Andromeda's coat of many colors (w/ video)

April 27, 2011

(PhysOrg.com) -- ESA's fleet of space telescopes has captured the nearby Andromeda Galaxy, also known as M31, in different wavelengths. Most of these wavelengths are invisible to the eye and each shows a different aspect of the galaxy's nature.

Visible light, as seen by optical ground-based telescopes and our eyes, reveals the various stars that shine in the Andromeda Galaxy, yet it is just one small part of the full spectrum of . There are many different wavelengths that are invisible to us but which are revealed by ESA's orbiting telescopes.

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ESA's fleet of space telescopes has captured the nearby Andromeda Galaxy, also known as M31, in different wavelengths. Most of these wavelengths are invisible to the eye and each shows a different aspect of the galaxy's nature. Credit: See closing credits at the end of the movie

Starting at the long end, the Planck spacecraft collects microwaves. These show up particles of incredibly cold , at just a few tens of degrees above absolute zero. Slightly higher temperature dust is revealed by the shorter, infrared wavelengths observed by the Herschel . This dust traces locations in the spiral arms of the Andromeda Galaxy where new stars are being born today.

The XMM-Newton telescope detects wavelengths shorter than visible light, collecting ultraviolet and X-rays. These show older stars, many nearing the end of their lives and others that have already exploded, sending shockwaves rolling through space. By monitoring the core of Andromeda since 2002, XMM-Newton has revealed many variable stars, some of which have undergone large stellar detonations known as novae.

Ultraviolet wavelengths also display the light from extremely . These are young stars that will not live long. They exhaust their nuclear fuel and explode as supernovae typically within a few tens of millions of years after they are born. The ultraviolet light is usually absorbed by dust and re-emitted as infrared, so the areas where ultraviolet light is seen directly correspond to relatively clear, dust-free parts of Andromeda.

By putting all of these observations together, and seeing Andromeda in its many different colours, astronomers are able to follow the life cycle of the .

Explore further: Andromeda Adrift in Sea of Dust in New Spitzer Image

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6 comments

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bystander53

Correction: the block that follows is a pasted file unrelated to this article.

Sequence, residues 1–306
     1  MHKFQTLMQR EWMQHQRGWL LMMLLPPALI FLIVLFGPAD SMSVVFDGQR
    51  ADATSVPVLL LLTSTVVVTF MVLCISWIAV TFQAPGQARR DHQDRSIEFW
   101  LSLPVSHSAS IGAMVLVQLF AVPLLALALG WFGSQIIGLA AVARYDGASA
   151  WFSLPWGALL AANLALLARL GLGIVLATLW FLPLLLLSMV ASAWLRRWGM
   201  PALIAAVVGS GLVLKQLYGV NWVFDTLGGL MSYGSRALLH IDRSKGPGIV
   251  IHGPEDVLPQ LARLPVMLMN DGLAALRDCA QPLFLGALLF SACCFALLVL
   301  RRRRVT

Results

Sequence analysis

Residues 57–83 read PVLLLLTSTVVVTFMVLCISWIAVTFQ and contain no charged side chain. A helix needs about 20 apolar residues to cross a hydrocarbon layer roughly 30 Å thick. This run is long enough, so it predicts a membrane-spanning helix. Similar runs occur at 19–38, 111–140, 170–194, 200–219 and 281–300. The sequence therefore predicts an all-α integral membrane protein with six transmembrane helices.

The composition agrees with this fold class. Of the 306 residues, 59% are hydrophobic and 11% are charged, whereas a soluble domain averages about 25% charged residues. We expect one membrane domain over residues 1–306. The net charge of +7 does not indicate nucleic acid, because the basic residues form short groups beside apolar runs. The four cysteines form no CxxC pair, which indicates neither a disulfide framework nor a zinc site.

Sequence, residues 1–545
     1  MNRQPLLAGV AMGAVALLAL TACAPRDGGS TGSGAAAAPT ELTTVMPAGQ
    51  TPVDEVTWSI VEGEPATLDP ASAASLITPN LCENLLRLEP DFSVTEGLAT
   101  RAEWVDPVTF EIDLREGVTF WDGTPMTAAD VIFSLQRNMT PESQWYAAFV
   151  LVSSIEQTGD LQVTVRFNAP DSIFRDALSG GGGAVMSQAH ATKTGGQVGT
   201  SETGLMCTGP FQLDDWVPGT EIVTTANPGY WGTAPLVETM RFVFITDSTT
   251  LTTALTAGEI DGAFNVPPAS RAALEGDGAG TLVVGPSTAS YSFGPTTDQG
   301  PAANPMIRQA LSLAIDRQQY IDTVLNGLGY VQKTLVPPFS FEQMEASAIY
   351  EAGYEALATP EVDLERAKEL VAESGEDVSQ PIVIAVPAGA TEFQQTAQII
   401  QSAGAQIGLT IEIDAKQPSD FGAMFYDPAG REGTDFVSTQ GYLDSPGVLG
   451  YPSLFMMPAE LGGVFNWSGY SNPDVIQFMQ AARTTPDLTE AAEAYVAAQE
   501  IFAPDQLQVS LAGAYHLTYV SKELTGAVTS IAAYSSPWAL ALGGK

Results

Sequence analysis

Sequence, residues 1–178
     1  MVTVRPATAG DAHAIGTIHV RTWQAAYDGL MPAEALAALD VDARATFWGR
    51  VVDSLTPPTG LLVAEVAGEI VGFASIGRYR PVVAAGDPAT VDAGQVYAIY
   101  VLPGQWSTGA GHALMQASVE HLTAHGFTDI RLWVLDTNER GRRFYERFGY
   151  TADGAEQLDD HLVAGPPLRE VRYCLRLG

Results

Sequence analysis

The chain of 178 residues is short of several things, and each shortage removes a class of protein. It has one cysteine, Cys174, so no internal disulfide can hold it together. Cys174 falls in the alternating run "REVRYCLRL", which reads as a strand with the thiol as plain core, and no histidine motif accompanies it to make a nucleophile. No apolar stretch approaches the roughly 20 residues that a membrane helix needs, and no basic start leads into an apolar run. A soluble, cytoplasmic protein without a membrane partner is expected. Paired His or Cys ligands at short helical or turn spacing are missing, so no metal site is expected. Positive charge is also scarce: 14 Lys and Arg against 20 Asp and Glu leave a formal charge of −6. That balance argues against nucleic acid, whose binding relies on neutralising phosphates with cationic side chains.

not rated yet Apr 27, 2011
Your sound quality is really bad. You need to recopy the video. Sound is MUCH better at ESA.
Greene
2 / 5 (2) Apr 27, 2011
I want to ask what may be a dumb question. If looking out into deep space is like looking back in time then why can't we see the Milky Way at various stages development just by looking at the right distance?
Bob_B
1 / 5 (1) Apr 27, 2011
Let me guess: that light has already passed us by?!?
LKD
5 / 5 (1) Apr 27, 2011
If looking out into deep space is like looking back in time then why can't we see the Milky Way at various stages development just by looking at the right distance?


We can only see them 13 days, or 13 million years, or 13 billion years ago because they are that far away. We see the Milkyway as it was anywhere from a couple years, to 100,000 years ago. Because the Milkyway is that big.

Our own sun is 8 minutes younger when we look at it then it truly is. It is simply prospective. We can see the milky way from 13 billion years ago, but we have to catch up with that light that left us, which is around 13 billion light years from where we are. We are not accomplishing that. ;)

You theoretically could piece together an image of the Milkyway from 13 billion years ago by abusing and decoding gravity distortions that bend and contort light. But that would require mapping every electron from every source from every direction. It won't happen, but it's 'possible'.
that_guy
not rated yet Apr 27, 2011
Dude, that infrared view is so FTW
6_6
not rated yet Apr 29, 2011
If looking out into deep space is like looking back in time then why can't we see the Milky Way at various stages development just by looking at the right distance?

it's too big possibly infinite.. limited by the technology and resolution and magnification.. time will change that for sure

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